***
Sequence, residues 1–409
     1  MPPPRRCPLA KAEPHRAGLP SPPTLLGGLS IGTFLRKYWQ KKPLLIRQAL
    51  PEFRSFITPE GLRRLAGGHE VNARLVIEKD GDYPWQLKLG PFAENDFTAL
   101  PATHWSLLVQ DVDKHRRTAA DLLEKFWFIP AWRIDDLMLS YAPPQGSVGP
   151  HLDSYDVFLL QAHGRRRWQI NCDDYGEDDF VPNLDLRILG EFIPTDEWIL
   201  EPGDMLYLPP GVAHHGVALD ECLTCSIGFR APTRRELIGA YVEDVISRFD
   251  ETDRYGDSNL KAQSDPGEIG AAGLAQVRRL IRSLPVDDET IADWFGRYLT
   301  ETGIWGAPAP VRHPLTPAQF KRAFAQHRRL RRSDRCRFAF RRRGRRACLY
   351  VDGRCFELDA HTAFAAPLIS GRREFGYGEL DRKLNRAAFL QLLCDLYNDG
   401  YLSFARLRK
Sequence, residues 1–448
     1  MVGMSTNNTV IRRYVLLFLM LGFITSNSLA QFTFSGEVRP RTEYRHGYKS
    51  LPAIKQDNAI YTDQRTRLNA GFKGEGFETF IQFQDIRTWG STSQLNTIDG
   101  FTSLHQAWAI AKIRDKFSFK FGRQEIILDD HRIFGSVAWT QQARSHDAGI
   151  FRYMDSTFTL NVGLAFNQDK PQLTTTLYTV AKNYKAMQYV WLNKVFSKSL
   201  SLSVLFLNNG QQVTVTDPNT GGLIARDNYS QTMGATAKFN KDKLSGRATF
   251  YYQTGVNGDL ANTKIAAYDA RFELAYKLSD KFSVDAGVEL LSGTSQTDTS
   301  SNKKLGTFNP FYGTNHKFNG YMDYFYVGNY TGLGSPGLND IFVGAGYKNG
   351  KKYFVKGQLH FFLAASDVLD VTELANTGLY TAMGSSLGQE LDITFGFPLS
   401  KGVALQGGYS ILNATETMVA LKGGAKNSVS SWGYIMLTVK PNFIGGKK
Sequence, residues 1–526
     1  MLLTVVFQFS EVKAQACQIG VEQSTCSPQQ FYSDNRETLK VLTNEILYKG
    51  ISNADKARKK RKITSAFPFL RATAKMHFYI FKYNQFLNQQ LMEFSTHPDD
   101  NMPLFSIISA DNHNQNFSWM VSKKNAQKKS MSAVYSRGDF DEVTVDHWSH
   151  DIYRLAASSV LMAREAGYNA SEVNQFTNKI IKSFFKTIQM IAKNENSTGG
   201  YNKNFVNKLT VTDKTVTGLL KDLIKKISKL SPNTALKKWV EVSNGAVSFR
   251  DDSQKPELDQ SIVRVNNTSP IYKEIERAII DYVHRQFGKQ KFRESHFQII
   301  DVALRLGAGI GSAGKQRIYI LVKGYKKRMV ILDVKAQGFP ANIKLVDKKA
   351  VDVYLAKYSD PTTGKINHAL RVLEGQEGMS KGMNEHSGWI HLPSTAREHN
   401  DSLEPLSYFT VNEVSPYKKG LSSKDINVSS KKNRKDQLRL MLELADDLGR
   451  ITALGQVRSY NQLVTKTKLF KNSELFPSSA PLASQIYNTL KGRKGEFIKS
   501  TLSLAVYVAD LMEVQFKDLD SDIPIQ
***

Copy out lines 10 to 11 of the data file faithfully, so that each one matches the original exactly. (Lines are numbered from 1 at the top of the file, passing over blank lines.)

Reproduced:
   401  YLSFARLRK
Sequence, residues 1–448